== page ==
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I used Quest and they do give a very detailed genetic report.  And my insurance covered it with no question or extra work from the doctor. If you have to pay out of pocket - they were about $300.  You can call and ask.  To be fair, while some of that other  place's tests are not considered scientifically valid, I haven't heard that the genetic one is wrong.

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Dr Fasano, a leading celiac disease researcher, sya one needs 4 out of 5 of the following criteria for an "official" celiac disease diagnosis:

  1. symptoms of celiac disease while on a normal diet
  2. positive blood test
  3. positive endoscopic biopsy
  4. positive genetic test
  5. positive response to the gluten-free diet

To be honest, I would guess that maybe 60% of celiacs meet all those criteria due to resources, cost and need.  I personally skipped the biopsy and was not offered the genetic test so according to Fasano, and some other doctors I've met, I don't officially have celiac disease.  LOL I say, who cares what they say? I meet the most important criteria: a positive response to the gluten-free diet. KWIM?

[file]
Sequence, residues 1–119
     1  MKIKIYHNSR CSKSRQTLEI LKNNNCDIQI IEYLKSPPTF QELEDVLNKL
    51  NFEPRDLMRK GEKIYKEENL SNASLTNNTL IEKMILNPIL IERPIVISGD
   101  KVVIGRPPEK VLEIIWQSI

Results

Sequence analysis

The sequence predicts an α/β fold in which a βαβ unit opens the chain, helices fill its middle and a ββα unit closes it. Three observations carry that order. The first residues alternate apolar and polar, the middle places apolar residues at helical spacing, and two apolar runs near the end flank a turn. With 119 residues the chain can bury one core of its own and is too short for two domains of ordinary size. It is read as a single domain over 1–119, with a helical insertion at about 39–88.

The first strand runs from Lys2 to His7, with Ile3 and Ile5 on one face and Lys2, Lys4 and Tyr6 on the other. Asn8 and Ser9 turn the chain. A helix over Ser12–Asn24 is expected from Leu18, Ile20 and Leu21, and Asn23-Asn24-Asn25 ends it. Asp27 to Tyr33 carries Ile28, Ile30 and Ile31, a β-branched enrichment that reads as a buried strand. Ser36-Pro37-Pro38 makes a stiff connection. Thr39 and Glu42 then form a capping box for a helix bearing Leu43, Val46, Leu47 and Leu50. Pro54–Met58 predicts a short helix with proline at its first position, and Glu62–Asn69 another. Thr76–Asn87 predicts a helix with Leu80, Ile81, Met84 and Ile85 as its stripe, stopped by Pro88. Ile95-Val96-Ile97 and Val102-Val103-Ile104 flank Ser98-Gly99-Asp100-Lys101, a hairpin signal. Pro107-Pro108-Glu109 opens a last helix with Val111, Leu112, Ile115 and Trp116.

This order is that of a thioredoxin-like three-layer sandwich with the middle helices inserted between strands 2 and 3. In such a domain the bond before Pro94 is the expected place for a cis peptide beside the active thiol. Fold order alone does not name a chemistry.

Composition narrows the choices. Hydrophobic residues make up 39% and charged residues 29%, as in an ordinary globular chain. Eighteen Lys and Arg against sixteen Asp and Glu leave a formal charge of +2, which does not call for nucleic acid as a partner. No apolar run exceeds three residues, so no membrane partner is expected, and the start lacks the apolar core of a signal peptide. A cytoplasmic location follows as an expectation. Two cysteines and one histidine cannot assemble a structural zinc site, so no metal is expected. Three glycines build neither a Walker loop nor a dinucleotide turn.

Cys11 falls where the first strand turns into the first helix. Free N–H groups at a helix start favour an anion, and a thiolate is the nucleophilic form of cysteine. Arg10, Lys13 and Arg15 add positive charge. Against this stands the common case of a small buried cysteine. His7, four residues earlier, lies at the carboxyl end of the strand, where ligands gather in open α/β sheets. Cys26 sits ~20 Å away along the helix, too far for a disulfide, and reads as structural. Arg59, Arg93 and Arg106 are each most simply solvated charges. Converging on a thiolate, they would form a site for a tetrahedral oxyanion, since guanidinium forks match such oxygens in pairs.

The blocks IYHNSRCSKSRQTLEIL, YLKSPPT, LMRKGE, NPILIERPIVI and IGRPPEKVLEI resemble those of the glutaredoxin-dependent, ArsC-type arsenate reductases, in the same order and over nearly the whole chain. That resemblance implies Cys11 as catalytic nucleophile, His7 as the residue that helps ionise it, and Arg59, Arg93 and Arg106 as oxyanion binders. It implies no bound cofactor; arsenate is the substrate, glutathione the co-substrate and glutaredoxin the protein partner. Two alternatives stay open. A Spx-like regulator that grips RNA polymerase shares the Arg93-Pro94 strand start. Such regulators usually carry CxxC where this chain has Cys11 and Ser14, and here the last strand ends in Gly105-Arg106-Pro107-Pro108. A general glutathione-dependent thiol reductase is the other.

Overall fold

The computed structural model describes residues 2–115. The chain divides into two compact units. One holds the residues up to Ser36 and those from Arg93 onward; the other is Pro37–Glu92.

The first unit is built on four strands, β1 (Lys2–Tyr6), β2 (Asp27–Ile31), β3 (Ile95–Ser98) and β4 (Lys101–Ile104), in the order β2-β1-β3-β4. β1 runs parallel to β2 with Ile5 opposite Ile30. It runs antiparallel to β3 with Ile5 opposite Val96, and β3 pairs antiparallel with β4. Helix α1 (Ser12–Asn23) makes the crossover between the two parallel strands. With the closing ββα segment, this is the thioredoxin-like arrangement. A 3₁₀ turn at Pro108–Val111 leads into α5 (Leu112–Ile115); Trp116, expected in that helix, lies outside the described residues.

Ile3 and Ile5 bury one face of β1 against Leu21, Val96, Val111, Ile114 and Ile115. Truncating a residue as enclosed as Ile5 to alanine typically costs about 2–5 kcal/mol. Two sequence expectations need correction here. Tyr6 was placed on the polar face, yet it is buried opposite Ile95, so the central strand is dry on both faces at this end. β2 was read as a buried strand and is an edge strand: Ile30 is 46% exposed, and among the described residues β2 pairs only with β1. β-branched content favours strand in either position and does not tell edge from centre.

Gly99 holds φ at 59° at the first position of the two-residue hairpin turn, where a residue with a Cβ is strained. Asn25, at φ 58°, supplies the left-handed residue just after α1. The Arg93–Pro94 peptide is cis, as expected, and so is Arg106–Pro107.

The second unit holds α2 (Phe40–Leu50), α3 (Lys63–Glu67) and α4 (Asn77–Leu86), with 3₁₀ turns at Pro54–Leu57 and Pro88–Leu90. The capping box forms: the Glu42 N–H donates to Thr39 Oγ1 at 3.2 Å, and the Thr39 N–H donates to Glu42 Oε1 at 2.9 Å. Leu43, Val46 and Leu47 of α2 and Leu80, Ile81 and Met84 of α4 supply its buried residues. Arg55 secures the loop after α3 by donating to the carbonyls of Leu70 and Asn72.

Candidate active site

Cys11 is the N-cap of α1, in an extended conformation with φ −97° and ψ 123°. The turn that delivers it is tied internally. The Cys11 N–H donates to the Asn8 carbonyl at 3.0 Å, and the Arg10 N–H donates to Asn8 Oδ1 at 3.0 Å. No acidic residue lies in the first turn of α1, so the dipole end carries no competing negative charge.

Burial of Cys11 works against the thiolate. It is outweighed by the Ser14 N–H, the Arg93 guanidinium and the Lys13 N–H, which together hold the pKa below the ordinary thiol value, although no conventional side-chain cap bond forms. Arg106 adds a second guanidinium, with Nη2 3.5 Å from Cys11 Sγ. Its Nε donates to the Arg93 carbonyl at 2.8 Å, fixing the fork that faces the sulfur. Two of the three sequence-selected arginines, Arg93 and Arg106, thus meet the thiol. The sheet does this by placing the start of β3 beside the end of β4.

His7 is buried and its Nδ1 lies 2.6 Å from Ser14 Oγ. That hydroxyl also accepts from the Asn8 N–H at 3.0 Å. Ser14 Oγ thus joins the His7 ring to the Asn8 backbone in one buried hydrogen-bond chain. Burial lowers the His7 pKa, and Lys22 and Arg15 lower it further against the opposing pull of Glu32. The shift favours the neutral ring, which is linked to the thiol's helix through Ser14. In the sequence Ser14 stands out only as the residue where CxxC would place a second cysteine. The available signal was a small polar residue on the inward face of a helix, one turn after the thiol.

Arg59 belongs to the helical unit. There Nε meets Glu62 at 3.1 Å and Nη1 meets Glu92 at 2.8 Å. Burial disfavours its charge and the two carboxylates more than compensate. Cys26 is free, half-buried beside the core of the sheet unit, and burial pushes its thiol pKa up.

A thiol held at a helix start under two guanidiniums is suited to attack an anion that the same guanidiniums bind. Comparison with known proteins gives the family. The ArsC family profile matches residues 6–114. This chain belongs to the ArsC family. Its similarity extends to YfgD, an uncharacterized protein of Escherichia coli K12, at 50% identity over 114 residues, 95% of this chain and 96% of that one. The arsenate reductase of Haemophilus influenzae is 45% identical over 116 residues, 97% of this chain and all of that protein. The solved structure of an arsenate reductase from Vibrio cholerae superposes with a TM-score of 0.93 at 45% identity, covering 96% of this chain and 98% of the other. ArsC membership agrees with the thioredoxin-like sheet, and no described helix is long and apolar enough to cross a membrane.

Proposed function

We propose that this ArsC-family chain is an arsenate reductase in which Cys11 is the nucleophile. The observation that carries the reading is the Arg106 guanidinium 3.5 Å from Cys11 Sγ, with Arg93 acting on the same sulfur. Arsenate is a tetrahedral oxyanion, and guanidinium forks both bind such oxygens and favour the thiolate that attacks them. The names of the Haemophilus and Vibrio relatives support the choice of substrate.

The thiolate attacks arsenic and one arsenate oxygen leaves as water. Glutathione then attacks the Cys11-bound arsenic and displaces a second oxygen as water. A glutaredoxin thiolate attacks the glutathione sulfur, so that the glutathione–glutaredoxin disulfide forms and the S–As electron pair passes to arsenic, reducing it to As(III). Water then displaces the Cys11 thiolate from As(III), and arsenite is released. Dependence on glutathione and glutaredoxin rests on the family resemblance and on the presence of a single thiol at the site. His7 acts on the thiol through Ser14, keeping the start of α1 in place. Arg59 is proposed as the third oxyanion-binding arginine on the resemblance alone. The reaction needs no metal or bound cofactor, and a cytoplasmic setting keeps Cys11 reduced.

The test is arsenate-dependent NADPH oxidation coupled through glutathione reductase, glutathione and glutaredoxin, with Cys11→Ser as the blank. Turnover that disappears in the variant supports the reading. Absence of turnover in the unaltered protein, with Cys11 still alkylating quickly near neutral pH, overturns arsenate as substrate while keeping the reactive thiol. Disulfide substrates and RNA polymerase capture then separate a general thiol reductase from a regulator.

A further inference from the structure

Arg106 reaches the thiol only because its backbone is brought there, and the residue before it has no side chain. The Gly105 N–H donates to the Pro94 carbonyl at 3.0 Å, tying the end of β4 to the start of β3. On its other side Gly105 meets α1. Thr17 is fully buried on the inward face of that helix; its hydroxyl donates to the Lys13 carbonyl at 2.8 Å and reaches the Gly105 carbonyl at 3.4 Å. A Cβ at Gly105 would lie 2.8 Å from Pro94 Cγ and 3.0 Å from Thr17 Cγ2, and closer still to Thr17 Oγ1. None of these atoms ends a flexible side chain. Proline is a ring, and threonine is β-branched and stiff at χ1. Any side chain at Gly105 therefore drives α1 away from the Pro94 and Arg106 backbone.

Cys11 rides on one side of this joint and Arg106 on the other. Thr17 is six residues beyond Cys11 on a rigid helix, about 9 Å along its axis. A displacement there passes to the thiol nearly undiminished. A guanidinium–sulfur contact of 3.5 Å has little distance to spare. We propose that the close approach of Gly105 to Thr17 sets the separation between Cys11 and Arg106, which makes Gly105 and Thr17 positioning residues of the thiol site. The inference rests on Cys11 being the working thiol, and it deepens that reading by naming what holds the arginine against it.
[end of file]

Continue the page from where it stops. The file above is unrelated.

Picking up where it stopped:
The genetic tests will only tell you if you are part of the 30% of the population who has the genes which over 95% of celiacs possess, it does not tell you if you have the disease.  There is even a rare, small minority of celiacs who do not have those genes but do have celiac disease (they met 4/5 of the criteria) so those genetic tests are not fool proof... although generally accurate.


If you have other family members with celiac disease, or with other autoimmune diseases like diabetes (type 1), lupus, rheumatoid arthritis, or thyroiditis, then chances are that you have the genes for celiac disease.... But you still won't have the official diagnosis. :(


Good luck to you in whatever you decide to do.  And continued best wishes for success with the gluten-free diet. :) Welcome to the board.